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I thought that the idiom is 'prohibited from', but got this

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I thought that the idiom is 'prohibited from', but got this [#permalink]

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New post 23 Nov 2011, 06:38
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A
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80% (01:56) correct 20% (00:00) wrong based on 10 sessions

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I thought that the idiom is 'prohibited from', but got this wrong.
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Re: I thought that the idiom is 'prohibited from', but got this [#permalink]

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New post 19 Dec 2015, 10:47
The phrase "prohibit sb from" should be followed by present participle.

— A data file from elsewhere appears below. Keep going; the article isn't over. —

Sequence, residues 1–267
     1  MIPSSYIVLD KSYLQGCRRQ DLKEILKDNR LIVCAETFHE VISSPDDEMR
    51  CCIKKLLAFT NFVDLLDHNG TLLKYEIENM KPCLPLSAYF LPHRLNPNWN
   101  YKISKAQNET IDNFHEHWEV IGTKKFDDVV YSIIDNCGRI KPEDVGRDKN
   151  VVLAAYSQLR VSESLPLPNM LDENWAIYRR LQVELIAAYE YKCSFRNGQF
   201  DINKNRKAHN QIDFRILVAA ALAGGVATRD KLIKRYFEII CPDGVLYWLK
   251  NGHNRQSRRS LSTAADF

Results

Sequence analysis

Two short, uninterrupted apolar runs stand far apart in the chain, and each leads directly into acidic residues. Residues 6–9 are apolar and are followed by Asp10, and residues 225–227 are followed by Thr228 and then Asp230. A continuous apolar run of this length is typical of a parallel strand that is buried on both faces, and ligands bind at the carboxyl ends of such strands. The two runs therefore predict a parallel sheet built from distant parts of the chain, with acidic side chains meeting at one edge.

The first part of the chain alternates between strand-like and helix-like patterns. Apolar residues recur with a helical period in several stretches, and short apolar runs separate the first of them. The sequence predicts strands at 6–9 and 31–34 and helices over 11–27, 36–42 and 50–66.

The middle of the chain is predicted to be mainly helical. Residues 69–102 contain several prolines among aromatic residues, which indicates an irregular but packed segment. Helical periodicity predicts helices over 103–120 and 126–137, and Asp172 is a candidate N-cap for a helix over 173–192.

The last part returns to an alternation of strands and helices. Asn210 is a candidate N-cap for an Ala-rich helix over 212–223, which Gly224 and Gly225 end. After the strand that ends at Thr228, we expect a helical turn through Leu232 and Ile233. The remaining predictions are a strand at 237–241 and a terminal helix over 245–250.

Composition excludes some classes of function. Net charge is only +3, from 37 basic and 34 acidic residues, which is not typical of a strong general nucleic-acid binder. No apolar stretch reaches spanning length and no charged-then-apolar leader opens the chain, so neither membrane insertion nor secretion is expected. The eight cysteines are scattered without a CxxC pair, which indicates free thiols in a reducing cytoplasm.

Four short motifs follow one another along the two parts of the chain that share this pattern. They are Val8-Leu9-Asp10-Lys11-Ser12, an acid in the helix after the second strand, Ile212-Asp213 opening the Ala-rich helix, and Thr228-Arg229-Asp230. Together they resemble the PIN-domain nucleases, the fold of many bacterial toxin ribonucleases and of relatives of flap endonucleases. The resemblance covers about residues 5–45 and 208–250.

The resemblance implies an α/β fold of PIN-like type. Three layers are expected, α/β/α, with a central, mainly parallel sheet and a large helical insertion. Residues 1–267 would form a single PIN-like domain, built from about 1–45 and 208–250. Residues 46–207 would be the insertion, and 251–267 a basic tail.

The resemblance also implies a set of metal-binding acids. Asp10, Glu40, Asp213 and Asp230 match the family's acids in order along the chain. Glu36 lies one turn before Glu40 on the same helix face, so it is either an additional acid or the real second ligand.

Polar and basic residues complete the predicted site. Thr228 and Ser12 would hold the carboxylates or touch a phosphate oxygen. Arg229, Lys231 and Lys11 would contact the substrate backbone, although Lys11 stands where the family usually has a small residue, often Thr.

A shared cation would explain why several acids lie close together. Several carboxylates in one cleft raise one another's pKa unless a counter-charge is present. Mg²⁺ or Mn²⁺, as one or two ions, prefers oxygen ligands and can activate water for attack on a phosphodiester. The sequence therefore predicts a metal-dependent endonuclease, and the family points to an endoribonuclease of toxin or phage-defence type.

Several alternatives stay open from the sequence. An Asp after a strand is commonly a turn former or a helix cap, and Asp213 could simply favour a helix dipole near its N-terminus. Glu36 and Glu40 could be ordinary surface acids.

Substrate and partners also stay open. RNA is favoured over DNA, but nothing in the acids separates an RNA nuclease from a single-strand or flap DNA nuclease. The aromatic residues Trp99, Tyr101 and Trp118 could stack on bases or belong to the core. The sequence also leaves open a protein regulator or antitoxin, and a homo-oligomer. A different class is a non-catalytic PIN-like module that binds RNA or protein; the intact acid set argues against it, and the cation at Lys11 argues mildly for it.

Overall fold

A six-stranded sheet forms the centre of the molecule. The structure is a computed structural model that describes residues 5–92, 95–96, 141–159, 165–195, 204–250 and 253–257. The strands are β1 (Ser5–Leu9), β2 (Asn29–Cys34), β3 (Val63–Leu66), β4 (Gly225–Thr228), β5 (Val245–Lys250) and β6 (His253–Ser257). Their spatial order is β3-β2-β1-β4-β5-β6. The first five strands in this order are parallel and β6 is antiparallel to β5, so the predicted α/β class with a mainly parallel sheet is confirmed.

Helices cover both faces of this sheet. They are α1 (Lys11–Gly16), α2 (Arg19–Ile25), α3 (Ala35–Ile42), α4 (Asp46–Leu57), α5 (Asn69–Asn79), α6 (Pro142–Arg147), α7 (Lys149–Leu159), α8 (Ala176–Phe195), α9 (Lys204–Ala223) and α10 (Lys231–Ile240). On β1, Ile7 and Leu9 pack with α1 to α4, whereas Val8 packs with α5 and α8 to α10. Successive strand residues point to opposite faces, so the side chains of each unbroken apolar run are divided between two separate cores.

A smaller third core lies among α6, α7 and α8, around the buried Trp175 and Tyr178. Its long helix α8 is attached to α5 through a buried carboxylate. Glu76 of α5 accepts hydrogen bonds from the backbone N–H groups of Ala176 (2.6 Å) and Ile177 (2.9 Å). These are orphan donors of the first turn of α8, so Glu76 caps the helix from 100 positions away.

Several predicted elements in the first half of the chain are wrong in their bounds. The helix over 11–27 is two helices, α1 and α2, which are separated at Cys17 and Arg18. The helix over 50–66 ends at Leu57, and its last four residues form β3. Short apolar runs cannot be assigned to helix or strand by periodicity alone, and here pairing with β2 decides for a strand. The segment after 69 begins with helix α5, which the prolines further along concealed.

Why is the answer c correct ? Because it is "prohibit something", the "to" modifies the disclosure, not to go with prohibit. Moreover, the disclosing sounds a little awkward
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Re: I thought that the idiom is 'prohibited from', but got this [#permalink]

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New post 19 Dec 2015, 20:43
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The idiom is 'prohibit x from'; being a transitive verb, it takes an object immediately after. It would be ok, if it was 'prohibit X', where X could be any person, phenomenon or object pronouns such as him, her or them. B is wrong because the plural 'them' doesn't tally with the singular employee.

In C, the agreement is prohibiting a phenomenon namely 'disclosure'. Hence, it is correct.
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Re: I thought that the idiom is 'prohibited from', but got this   [#permalink] 19 Dec 2015, 20:43
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I thought that the idiom is 'prohibited from', but got this

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